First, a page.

ANAHEIM, Calif. (AP)—Jered Weaver looked nothing like a pitcher who had a 7.02 ERA over his previous six starts.
Weaver allowed one hit over seven innings, combining with two relievers on a three-hitter, and Mike Napoli hit a tiebreaking sacrifice fly in the eighth to lead the Los Angeles Angels to a 2-0 victory over the Chicago White Sox on Tuesday night.
“I just went out there and tried to pitch like the old Jered, and it came out all right,” Weaver said. “It was just adjustments with mechanics in the bullpen between starts. Me and (pitching coach Mike) Butcher were able to clean some stuff up.
“The arm strength’s coming along,” he added. “The more innings I get, the better my arm strength is going to get. That’s the way it’s always been. I always seem to get stronger as the season went along. I guess the six days rest kind of helped, too.”
Manager Mike Scioscia couldn’t have been more pleased with the right-hander’s dramatic turnaround.
“That’s the best stuff Jered’s had in two years,” Scioscia said. “He maintained it and he finished strong. His pitch count got a little high, but the last couple of innings he regrouped and finished hitters off better. You can’t throw the ball much better than Weave did tonight. It’s very encouraging.”
A.J. Pierzynski’s leadoff single in the fifth was the only hit off Weaver, who pitched seven innings. He struck out six and walked one, coming out of the game after 109 pitches. He came in 1-4 since pitching seven scoreless innings of three-hit ball in a 2-1 win over Texas on April 5.
“He just missed our bats,” Jermaine Dye said. “I mean, he threw a lot of breaking pitches, a lot of changeups in hitter’s counts, and was able to get ground balls and flyballs.”
Chicago starter John Danks had a hard-luck no-decision, although he had to work hard for it. Pitching against the Angels for the first time in his career, he scattered seven hits and two walks over 6 1-3 innings, struck out five and never retired the side in order.
Danks departed with one out and the bases loaded in the seventh after walking Gary Matthews Jr. with his 99th and final pitch. Octavio Dotel struck out Erick Aybar and Vladimir Guerrero to escape the jam.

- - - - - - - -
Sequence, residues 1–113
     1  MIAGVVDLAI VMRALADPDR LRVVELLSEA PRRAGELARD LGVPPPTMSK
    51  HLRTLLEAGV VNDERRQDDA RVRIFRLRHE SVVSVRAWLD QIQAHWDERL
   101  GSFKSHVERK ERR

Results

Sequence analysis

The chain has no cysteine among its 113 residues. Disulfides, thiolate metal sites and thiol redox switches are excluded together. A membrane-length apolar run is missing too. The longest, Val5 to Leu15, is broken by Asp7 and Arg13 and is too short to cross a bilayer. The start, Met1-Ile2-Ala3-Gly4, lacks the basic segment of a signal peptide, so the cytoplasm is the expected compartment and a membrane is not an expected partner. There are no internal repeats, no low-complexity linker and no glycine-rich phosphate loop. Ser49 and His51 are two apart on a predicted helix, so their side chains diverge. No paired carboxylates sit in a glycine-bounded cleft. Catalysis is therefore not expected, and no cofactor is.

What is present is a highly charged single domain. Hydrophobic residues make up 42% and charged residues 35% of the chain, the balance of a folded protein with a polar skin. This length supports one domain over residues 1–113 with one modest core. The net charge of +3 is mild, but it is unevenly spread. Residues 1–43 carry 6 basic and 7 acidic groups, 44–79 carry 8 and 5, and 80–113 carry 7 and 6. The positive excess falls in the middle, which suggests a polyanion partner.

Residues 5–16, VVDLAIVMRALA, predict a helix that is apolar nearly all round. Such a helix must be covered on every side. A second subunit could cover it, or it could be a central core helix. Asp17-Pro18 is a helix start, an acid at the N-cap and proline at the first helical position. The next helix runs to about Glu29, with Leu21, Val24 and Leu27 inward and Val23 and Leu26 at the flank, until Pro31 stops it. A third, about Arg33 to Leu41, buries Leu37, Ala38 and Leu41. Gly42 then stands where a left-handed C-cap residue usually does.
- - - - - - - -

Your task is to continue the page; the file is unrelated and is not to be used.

But Dotel (1-2) gave up a leadoff single in the eighth to Torii Hunter, who took third when Garret Anderson got the green light on a 3-0 pitch from Matt Thornton and singled to right field. Napoli’s delivered Hunter with a flyout to center, with Anderson alertly tagging up, and Robb Quinlan drove in the second run with a two-out single against Scott Linebrink.
The Angels stranded a runner in scoring position in four of the first five innings. Hunter grounded out with a man on third base to end the first, Guerrero hit into a double play to end the third, Casey Kotchman flied out to end the fourth, and Aybar grounded out to end the fifth.
“We left way too many runners in scoring position,” Scioscia said. “We stranded a lot of guys and were 1-for-12 with guys in scoring position. So it was a night we needed to pitch well, and we did. We scratched out a couple of runs late and held on.”
Chicago manager Ozzie Guillen flip-flopped Paul Konerko and Dye in his lineup, dropping the slumping Konerko to fifth and putting Dye in the cleanup spot for the fourth time this season following his four-hit performance on Monday night. But they didn’t get a runner past first base until Carlos Quentin doubled off the center fence with one out in the ninth.
“We haven’t been scoring too many runs lately, but our pitchers have been going out there and giving us a chance,” Dye said. “We just have to try and bear down a little bit more and get some runs across for them early.”
After the game, the Angels optioned INF Kendry Morales to Triple-A Salt Lake to clear a roster spot for RHP John Lackey—who will make his season debut Wednesday night after missing 41 games with a strained triceps. … Hall of Famer Carlton Fisk is returning to the White Sox as a team ambassador, the club announced Tuesday. Fisk and Guillen were teammates for nine years in Chicago, winning a division title in their last season together (1993). “I think it’s great. It’s about time,” Guillen said. “To us, it’s an honor. Pudge is a legend. I think he’s meant a lot more to the Chicago White Sox than to the Boston Red Sox because of the many years he played for us and the fact that he finished up his career here. I asked Pudge a lot of times to come to spring training with us, but he was busy with a lot of different things.” … The White Sox, who lead the AL with 45 home runs, are 0-10 when they don’t hit one.